Nothing unites Democrats like Social Security. No program has worked so well, for so many, for so long. But what about making changes to Social Security? Well, that’s harder. On Thursday, my colleague Lori Montgomery reported that “Democrats are sharply divided over whether to tackle popular but increasingly expensive safety-net programs for the elderly, particularly Social Security.” They shouldn’t be.

I’m on record saying Social Security is the last place in the federal government we should look for cuts. It’s a lean, efficient program that, if anything, is too spartan. In 2009, the average monthly benefit was slightly more than $1,000 — hardly lavish. That makes it one of the stingiest national-pension programs in the developed world, actually. And once we finish phasing in the cuts passed in the ’80s, it’ll only replace about 31 percent of the average beneficiary’s income. In a time of underfunded 401(k)s and high unemployment, that’s just not enough for many retirees. Saying Social Security is too generous is like saying a Mini Cooper is too roomy.

But the program’s problems don’t end there. It’s underfunded, ill-designed for certain features and facts of the modern world, and — probably most important — overused. Beyond Social Security, America’s retirement system is, in general, patchy and insufficient, which leaves retirees too reliant on Social Security. They then learn the hard way that the program is not what they’d hoped. We should do better. And we can.

Gene Sperling is now the director of President Obama’s National Economics Council. But in 2005, he was just another Clintonista-in-exile with a desk at the Center for American Progress, watching in horror as the Bush administration tried to privatize the crown jewel of the New Deal. In response, he released his own proposal for “a true bipartisan agreement on Social Security reform that increases national savings, individual ownership and ultimately retirement security.” Perhaps predictably, Bush ignored it. Obama should not.

Sperling correctly sees that there are two separate problems in our retirement system: Social Security has too little money, and so, too, do most retirees. Fixing the former, as it happens, is the easier task. Sperling suggests a 3 percent surcharge on all income over $200,000, which would wipe out half of Social Security’s shortfall. He suggests the rest could be made up through bipartisan agreement on benefits cuts or tax changes. A simpler solution perhaps would be to uncap the payroll tax that funds Social Security. Right now, income over $106,000 is protected, meaning someone making $80,000 pays payroll taxes on every dollar of income while someone making $1 million pays on barely one of every 10 dollars. Does that make sense to you? Yeah, me neither.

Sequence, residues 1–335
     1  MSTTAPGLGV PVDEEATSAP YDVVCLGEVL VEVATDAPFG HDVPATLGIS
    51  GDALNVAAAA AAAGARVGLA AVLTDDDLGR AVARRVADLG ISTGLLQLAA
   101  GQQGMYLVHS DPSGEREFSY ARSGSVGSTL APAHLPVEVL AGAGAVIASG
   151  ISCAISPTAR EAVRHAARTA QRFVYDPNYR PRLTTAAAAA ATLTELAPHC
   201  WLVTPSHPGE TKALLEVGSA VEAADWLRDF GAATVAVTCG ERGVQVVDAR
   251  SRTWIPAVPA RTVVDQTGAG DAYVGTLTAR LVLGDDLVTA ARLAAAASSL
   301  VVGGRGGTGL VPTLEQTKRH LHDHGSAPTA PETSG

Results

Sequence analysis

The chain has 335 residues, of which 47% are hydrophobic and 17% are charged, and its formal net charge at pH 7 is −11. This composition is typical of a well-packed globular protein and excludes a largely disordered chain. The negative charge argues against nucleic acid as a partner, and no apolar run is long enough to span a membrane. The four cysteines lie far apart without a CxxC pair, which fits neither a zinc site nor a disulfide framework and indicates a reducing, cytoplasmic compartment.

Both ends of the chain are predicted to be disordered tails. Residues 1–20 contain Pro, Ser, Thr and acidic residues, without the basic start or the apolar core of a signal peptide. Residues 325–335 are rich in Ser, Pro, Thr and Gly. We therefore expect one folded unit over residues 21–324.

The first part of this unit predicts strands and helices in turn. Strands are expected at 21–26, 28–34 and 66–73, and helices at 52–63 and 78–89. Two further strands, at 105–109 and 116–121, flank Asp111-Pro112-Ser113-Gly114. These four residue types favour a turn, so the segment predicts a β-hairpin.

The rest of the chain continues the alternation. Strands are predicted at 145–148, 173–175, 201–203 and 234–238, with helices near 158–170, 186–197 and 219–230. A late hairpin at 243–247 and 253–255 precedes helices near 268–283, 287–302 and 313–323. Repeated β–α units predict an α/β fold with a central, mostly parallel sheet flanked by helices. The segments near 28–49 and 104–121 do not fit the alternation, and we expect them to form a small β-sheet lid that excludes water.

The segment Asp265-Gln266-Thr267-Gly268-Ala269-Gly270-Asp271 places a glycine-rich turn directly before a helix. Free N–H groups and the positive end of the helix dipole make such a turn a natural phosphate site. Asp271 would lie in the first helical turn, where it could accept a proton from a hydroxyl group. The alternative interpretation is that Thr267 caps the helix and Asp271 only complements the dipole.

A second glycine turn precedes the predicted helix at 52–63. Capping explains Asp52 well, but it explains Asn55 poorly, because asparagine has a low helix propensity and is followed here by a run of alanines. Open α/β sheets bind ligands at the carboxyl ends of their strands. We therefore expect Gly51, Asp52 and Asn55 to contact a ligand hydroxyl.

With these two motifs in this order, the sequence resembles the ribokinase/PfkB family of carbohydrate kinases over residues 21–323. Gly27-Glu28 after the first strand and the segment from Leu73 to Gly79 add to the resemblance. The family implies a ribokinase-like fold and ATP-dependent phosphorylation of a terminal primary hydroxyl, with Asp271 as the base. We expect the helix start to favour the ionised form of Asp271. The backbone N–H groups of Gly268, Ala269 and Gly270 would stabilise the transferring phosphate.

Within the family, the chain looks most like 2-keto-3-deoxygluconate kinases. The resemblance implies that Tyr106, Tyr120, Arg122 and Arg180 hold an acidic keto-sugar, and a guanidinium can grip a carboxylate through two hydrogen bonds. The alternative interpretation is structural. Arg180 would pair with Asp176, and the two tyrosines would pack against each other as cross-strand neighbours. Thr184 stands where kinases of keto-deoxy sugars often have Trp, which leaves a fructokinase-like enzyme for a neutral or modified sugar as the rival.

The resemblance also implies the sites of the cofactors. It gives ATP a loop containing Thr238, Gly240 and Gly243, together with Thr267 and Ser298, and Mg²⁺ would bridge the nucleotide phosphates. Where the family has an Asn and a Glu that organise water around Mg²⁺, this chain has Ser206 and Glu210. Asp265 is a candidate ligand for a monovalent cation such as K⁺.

Uncapping it would pretty much wipe out the shortfall on its own. Add in some changes to the benefit itself — perhaps benefits for the wealthy could grow more slowly, as they rely on it less — and you’re done. Social Security is fully funded.

But Sperling then ventures beyond Social Security and into the broader world of retirement security. He suggests a universal 401(k) that would be layered on top of Social Security. Every American would get one, and for low-income Americans, the government would provide a 2-to-1 match for the first $2,000 every year, while moderate-income Americans would get a 1-to-1 match to the same amount. This would give families a strong incentive to start saving for retirement early and aggressively, all but ensuring that they approach old age with a substantial cushion. As he notes, you could more than pay for this by reinstating the estate tax on those worth multiple millions of dollars.

If there’s a flaw in Sperling’s proposal, it’s that aside from closing the funding gap, he pretty much leaves Social Security alone. As Christian Weller, also of the Center for American Progress, points out in a new report, the program itself has developed flaws over time: It’s not set up to handle extreme old age, by which point many Americans have depleted their savings and need a bigger benefit to stay afloat; its rules for dealing with the divorced are archaic; the minimum benefit often leaves seniors beneath the poverty line; and the rich are a lot richer than when we last looked at how the program divides its payouts. Many of Weller’s reforms would complement Sperling’s by fixing these problems.

Too often, however, the folks most resistant to reforming Social Security are also those most committed to its mission. Many of the program’s defenders are so concerned that conservatives will slash benefits — now or down the road — that they are afraid to open the pension plan to any reforms at all. I think they’re wrong. This country is better than that. A political party that tries to tell ordinary Americans their retirements are too secure and too long will quickly learn its lesson when the election rolls around. Poll after poll shows the vast unpopularity of cutting Social Security benefits, and Republicans can read those surveys as easily as Democrats can. A politician may as well burn a flag on the Capitol’s lawn.

At the heart of Social Security is a simple vision: The richest country the world has ever known can guarantee its citizens a decent retirement. That’s vastly truer now than it was in 1935. Adjusting for inflation, our gross domestic product that year was $865 billion. In 2009, it was more than $12 trillion. And Social Security itself has proven an extraordinarily popular and efficient program. But today, the vision doesn’t just need to be defended. It needs to be completed.